Contact Information: Kathy Kieffer, Promotion and Web Contact  4864 Smiley Rd  Chapel Hill, TN 37034 (931) 703-0239 South Central Katahdin Association South Central Katahdin Association Email Email
Katahdin are a breed a hair sheep developed in the United States. They originated at the Piel Farm in north central Maine where Michael Piel was an innovator and "amateur geneticist". He began making inquiries about hair sheep after seeing pictures in a National Geographic of West African hair sheep which he would later import for crossbreeding. He mixed Cheviots, Suffolks (with the help of LSU), and many others to try and produce the lamb he was looking for. In the early 1970s, Piel felt he had come close to his goal of a "meat sheep that did not require shearing." He called them Katahdin sheep after Mt. Katahdin, the highest peak in Maine. In October 1975, Piel imported a handful of Wiltshire Horn sheep from Wales via Canada. The first crosses were born in 1976. The crossing continued even after his death in December of 1976 with Barbara Piel. Paul and Margaret Jepson of Vermont were looking for Wiltshire Horn Stock in the 1970's and after getting acquainted with the Piels, decided the Katahdins would suit them better. Their flock became the first satellite flock away from the Piel farm. Interest in Katahdins grew and by 2008, the Katahdin Hair Sheep International which was incorporated in 1985, had registered over 75,000 sheep in North America with over 500 members. 

History of the

Katahdin Hair Sheep

Breed

2016 SCKA Annual Meeting

The South Central Katahdin Association gathered in Chapel Hill, TN, for their Annual Meeting August 2 and 3, hosted by Caney Creek Farms. Tuesday night was known for the three F’s: Fellowship, Fun and a Farm Tour. We had 75 in attendance with 11 states represented: Alabama, Arkansas, Indiana, Louisiana, Mississippi, Missouri, Ohio, Oklahoma, Tennessee, Texas, and Virginia. Mark Dennis did a hoof trimming demonstration before supper. The Annual Meeting on Wednesday had 52 in attendance. Dr. Jennifer Hatcher, D.V. M. spoke to us about the new feed directive. Brandon and Amy Tavalin of Tavalin Tails spoke to us about marketing and CSA’s. They told us of the importance of marketing sheep with social media. SCKA membership voted to go to the Sheep and Goat Buying Station in Hope, Arkansas, June 9 and 10, 2017, with Jesse Duckett and Chris Sweat hosting. The Association also voted to fund the t- shirts for the Dr. Leroy Boyd Junior Show exhibitors at Sedalia, MO next year. Meeting adjourned.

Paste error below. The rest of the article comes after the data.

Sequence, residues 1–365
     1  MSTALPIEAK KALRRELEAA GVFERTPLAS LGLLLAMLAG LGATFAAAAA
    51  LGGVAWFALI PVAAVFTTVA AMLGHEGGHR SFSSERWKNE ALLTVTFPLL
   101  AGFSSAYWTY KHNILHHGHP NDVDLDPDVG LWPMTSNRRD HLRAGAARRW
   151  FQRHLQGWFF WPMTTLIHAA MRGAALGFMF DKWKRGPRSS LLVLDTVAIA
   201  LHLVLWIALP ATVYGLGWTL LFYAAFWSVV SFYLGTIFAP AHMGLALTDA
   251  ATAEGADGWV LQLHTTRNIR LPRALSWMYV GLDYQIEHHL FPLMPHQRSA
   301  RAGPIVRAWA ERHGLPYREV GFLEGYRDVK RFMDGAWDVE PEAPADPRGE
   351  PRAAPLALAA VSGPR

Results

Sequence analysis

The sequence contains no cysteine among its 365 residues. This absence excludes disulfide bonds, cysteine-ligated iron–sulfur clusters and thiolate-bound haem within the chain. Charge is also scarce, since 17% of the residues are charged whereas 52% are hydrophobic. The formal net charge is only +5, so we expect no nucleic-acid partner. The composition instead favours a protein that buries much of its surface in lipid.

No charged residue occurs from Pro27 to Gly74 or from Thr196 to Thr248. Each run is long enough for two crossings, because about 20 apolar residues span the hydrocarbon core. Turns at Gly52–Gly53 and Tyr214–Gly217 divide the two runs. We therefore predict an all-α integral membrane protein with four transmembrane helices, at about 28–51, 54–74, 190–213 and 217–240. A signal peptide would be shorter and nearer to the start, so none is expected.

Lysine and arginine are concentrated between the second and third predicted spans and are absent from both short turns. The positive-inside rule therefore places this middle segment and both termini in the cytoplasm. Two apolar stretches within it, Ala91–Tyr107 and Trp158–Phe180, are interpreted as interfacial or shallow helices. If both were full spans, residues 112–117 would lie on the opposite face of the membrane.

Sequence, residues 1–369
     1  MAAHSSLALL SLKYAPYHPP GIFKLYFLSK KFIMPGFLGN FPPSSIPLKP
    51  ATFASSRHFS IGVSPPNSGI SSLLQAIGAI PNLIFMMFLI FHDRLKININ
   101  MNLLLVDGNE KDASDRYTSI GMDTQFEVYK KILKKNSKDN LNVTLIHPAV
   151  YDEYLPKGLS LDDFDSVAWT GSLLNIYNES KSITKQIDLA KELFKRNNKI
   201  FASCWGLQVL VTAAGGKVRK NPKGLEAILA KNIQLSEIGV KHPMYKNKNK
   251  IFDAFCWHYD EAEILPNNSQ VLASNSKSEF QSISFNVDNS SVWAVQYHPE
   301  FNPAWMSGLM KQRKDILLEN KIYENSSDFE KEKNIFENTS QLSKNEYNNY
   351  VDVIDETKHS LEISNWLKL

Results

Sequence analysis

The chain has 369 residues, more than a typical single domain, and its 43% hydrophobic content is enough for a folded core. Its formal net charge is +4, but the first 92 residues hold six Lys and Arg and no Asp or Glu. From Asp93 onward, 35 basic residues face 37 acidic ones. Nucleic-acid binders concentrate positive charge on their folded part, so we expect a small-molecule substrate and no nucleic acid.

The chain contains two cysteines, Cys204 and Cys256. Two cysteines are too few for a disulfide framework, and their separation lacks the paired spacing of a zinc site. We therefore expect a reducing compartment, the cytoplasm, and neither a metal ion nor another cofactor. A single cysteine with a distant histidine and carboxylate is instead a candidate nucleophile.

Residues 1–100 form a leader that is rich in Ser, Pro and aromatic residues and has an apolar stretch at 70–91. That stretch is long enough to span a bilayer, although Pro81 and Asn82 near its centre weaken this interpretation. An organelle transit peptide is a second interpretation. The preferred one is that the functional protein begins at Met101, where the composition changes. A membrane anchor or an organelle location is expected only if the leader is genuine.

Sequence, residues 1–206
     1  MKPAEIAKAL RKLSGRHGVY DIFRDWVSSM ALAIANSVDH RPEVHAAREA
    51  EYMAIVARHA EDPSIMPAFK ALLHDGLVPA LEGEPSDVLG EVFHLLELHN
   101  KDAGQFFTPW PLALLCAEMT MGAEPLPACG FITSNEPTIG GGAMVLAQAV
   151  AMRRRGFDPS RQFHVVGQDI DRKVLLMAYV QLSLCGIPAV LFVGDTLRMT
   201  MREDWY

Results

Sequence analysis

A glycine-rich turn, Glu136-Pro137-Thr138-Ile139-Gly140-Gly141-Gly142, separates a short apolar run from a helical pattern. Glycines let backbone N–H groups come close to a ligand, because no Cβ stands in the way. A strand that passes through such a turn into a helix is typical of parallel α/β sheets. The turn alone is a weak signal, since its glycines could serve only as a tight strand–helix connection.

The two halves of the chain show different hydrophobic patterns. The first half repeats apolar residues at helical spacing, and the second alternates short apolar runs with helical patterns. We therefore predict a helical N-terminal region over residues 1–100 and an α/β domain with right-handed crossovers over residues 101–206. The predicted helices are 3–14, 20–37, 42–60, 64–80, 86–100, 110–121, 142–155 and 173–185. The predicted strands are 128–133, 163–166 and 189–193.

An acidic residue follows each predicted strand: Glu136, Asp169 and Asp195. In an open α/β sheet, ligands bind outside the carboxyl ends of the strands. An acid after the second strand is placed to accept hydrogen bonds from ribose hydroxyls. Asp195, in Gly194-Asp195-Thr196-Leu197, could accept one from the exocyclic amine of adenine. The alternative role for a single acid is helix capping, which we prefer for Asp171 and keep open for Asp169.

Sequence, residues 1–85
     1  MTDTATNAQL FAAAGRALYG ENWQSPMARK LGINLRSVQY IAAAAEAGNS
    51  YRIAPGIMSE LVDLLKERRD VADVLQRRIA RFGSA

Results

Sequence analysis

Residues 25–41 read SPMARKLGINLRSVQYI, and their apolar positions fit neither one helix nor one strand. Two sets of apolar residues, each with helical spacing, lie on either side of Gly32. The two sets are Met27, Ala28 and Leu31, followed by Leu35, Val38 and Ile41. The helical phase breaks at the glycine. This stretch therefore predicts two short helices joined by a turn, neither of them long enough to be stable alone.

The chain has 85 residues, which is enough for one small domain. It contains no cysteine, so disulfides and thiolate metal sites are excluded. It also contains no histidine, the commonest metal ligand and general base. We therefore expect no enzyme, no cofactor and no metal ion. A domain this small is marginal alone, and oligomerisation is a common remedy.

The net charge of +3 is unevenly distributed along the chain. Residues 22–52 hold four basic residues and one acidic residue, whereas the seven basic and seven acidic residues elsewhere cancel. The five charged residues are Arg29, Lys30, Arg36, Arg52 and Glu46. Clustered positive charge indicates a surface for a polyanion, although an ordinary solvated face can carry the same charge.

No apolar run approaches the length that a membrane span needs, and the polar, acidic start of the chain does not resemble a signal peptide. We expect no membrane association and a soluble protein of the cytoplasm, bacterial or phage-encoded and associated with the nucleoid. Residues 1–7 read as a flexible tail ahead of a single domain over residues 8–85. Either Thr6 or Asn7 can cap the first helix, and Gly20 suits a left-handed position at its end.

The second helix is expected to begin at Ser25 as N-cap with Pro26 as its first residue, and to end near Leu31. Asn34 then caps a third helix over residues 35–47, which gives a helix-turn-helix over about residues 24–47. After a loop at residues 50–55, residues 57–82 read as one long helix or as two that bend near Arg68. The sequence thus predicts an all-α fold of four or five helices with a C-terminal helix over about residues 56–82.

2016 PRESIDENT'S

CORNER

Hello from the South Central Katahdin Hair Sheep Association. I know that everyone is tired and worn out with all that lambing season brings: late nights, really early mornings, make raising Katahdins something you have to love to do. Spring has arrived and this always helps to lighten the load. Some of you may just be started lambing, but the rewards will be great so hang in there! I think spring is a good time to reevaluate our flocks. We have many new breeders which increases the number of Katahdins available for sale. With the number of top breeders out there today we need to be very strict when it comes to culling. There is no need to keep problem sheep. We need to watch our hair coats, feet and leg problems, prolapse issues and any other qualities that lessen the value of our sheep. We need to sale our bottom end sheep for slaughter and purchase top individuals to replace them and support the breed. I think for our breed to continue to improve (and what an improvement we have already made) we need to get rid our problem sheep. If you are able to attend our breed sales and support them this will help keep our prices up and promote the breed also. The Midwest Sale is coming up in June and is a good place to find top quality sheep. Also the South Central Katahdin Hair Sheep Association will have a private treaty sale at the beginning of August (August 2&3) and the annual KHSI meeting and sale will be August 5 & 6 in Cookeville , TN. Start making plans today to support these great Katahdin events. We hope to see you there! Kenneth Jessee, SCKA President